Good Neighbor News - February 2020 - Yard Care Tips, Grant Opportunities, and More

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Mississippi Watershed Management Organization


Matt Barthelemy and the salt he collected from a street in South Minneapolis.

Matt Barthelemy (left) swept up salt up salt from a Minneapolis sidewalk and used it to create a contest on Facebook, with the goal of educating people about the harm that deicing salt does to waterbodies.

Good Neighbor of the Month:

Community Activist Matt Barthelemy

In December, Minneapolis resident and activist Matt Barthelemy came across an excessive amount of salt sitting on a 30-foot stretch of bare sidewalk in South Minneapolis. With rain in the forecast, he realized all that excess salt was bound for the Mississippi River. He returned to the site and swept up the extra salt before the rain could wash it into a nearby stormdrain.

Astonished by the amount of salt he was able to pick up, Barthelemy decided to help spread the word about over-salting. He measured the amount of salt he had collected, took a photo of it and shared that with his nearly 3,500 Facebook friends, explaining that 1 teaspoon of salt can permanently contaminate 5 gallons of water. Next, he offered prizes — gift cards donated by supportive local business owners — to the two people who could most closely guess the amount of water that would have been polluted by the salt in the picture. (The answer: 4,640 gallons!)

We thank Matt for his selflessness in helping protect the watershed, and his creativity in raising awareness of over-salting.

Good Neighbor Tips

Sand, Chicken Grit and Boots: Salt Alternatives, Explained

A pile of sand (left) and a pile of chicken grit (right).

In addition to causing pollution in waterbodies, salt and deicing chemicals are often ineffective in low temperatures. When it's too cold to melt the ice, use these alternatives to help add traction and avoid slips and falls on icy pavement this winter.


Traditionally an alternative to salt, sand doesn't melt the ice but rather adds traction to help prevent slipping on icy pavement. It can be found at most hardware stores and home centers, and is even available for free* via the City of Minneapolis. The best part: After the ice melts, you can sweep up the sand and reuse it. (And please do so! Sand is also a pollutant if carried into stormdrains.)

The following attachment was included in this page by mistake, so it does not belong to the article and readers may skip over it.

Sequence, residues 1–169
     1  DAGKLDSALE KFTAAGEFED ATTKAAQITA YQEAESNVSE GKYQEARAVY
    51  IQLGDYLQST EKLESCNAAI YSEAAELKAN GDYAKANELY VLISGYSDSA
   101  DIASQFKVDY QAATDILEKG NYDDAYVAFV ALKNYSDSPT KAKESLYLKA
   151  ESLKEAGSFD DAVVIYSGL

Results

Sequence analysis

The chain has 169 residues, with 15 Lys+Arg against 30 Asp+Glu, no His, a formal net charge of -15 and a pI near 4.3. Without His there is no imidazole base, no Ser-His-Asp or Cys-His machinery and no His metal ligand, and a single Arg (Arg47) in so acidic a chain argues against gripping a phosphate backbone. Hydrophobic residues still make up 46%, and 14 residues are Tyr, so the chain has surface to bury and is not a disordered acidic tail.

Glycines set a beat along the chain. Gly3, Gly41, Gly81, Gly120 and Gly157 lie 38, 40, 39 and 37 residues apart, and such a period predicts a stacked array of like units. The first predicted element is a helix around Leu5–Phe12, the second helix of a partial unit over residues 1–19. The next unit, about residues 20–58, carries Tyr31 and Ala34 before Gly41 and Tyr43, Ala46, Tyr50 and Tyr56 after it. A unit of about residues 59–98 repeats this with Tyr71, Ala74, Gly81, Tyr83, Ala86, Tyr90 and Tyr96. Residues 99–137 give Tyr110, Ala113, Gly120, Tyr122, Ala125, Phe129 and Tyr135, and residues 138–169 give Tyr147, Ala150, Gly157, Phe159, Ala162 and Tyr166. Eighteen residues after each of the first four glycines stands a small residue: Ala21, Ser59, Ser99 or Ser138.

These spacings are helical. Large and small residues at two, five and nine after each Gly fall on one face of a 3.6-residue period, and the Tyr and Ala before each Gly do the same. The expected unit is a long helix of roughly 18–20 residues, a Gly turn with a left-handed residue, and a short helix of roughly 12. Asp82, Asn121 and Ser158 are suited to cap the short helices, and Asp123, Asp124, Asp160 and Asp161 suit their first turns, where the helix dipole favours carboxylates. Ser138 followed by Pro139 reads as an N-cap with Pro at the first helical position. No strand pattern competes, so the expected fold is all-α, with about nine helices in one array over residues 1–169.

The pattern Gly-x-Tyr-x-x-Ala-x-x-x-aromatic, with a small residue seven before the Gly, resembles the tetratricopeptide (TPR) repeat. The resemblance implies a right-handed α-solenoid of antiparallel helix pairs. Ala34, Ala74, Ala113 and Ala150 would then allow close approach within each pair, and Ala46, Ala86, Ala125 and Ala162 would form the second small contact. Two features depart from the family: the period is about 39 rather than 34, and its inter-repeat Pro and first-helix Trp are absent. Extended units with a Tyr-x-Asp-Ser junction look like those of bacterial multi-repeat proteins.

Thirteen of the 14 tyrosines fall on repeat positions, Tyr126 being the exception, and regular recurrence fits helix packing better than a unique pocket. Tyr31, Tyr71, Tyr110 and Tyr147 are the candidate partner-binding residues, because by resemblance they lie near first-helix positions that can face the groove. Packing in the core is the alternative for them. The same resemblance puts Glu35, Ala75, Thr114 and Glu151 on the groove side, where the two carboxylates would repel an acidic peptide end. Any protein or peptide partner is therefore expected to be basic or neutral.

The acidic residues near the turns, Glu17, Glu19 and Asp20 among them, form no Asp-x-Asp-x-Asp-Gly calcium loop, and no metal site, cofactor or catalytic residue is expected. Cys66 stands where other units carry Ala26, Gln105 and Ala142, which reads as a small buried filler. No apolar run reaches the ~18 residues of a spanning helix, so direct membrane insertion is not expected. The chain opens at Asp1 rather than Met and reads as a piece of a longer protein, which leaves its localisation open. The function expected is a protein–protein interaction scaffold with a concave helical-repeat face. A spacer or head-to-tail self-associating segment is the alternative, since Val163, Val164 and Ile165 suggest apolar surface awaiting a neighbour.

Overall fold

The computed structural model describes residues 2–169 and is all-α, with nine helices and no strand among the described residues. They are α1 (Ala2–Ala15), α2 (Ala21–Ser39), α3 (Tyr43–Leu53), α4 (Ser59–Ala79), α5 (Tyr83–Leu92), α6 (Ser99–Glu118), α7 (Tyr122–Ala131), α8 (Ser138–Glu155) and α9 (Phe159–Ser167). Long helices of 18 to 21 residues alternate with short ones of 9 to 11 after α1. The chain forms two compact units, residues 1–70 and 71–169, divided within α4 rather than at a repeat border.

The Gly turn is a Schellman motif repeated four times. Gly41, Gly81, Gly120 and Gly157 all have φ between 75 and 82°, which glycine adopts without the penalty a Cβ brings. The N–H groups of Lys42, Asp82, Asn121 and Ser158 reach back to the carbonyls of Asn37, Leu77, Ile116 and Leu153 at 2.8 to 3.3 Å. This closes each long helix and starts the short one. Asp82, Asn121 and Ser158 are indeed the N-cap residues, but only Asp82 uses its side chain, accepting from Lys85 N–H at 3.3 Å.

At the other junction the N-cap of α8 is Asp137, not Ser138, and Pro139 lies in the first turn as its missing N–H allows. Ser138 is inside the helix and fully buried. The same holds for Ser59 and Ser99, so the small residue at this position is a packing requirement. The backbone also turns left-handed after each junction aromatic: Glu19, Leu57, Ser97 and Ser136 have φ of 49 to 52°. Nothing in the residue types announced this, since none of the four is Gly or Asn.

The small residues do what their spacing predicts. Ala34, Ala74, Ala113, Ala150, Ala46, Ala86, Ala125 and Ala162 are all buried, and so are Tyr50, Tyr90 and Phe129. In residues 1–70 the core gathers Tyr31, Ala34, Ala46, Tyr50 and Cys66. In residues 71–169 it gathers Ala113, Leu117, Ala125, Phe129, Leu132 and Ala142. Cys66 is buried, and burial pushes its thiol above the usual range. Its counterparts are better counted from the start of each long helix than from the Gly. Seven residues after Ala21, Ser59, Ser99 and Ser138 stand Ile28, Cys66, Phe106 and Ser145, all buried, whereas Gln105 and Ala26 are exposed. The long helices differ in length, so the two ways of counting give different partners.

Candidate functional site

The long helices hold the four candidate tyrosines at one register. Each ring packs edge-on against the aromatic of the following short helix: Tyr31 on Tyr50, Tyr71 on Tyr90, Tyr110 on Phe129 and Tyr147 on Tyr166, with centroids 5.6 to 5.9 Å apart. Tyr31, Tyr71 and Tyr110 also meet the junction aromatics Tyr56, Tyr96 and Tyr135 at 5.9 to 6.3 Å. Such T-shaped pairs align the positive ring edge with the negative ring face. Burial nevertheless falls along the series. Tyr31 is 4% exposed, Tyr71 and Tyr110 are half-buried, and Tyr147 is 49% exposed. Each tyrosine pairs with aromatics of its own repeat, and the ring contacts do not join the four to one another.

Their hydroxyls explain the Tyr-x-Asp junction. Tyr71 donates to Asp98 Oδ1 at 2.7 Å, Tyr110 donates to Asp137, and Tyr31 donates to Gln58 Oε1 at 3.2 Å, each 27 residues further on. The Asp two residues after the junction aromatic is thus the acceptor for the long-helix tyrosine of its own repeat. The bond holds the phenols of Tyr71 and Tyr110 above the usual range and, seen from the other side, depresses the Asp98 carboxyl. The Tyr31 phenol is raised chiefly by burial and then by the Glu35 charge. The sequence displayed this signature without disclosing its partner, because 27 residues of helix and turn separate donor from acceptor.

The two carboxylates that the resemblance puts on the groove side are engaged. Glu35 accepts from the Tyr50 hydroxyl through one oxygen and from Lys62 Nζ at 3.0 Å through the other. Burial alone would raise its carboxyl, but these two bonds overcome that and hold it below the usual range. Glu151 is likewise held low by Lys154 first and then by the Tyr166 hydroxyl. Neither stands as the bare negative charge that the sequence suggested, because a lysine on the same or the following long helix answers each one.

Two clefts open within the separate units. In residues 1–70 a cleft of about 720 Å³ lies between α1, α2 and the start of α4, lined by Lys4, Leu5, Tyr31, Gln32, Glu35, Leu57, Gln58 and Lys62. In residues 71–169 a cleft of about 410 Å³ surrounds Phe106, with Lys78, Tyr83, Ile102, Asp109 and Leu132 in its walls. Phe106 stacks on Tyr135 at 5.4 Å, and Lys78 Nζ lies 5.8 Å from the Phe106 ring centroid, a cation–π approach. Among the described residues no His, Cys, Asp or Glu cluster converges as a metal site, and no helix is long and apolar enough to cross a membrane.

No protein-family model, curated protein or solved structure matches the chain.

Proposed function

Chicken Grit

Chicken grit, so named for its use as a digestion aid for poultry, is an increasingly popular alternative to sand. It consists of a hard, sharp, crushed stone that many users say provides better traction than sand, and is also easier to sweep up and reuse. It can be found at many hardware stores (sometimes marketed as "traction grit"), and can also be purchased online.

Winter Boots

Although it may seem obvious to some, donning the proper footwear in winter will help protect you from icy conditions no matter where you are. We recommend insulated boots with thick treads and low, wide heels to give you a good grip on the ground. You can also buy traction cleats that strap onto your regular shoes.

*The City of Minneapolis mixes up to 25 percent salt in its free sand to help keep it from freezing. When possible, we recommend using pure sand instead.

Apply by Feb. 28 for a Lawns to Legumes Grant

A Monarch butterfly on a flower.

Minnesota residents can apply for assistance to create pollinator habitat in their yards through Lawns to Legumes, a new Minnesota Board of Water and Soil Resources (BWSR) program.

Lawns to Legumes offers free workshops, planting guides, and opportunities to apply for reimbursement of gardening costs associated with establishing residential pollinator habitat. Applications for reimbursement will be accepted through Feb. 28

Learn More on the BWSR Website

Help Us Improve the MWMO Website

We plan on making some changes to the MWMO website in the near future, and we want to make sure our visitors can easily find what they're looking for. You can help us by participating in a simple online usability exercise. It should only take a few minutes, and there are no right or wrong answers.

Click Here to Participate

Upcoming Events

Smart Salting Training Workshops

Various Dates

Looking to get certified in smart salting best practices — or know a contractor or property manager who could benefit from training? Check out the Minnesota Pollution Control Agency's smart salting training calendar, featuring training opportunities at the MWMO and across the Twin Cities metro area for both property managers and snow removal professionals.

Upcoming MWMO Training Dates:

  • Smart Salting Level 2 — April 7, 8 a.m.-12:30 p.m.
  • Smart Salting Level 1 (Property Managers) — April 22, 9 a.m.-1 p.m.
  • Smart Salting Level 1 (Parking Lots and Sidewalks) — Sept. 15, 8 a.m.-1:30 p.m.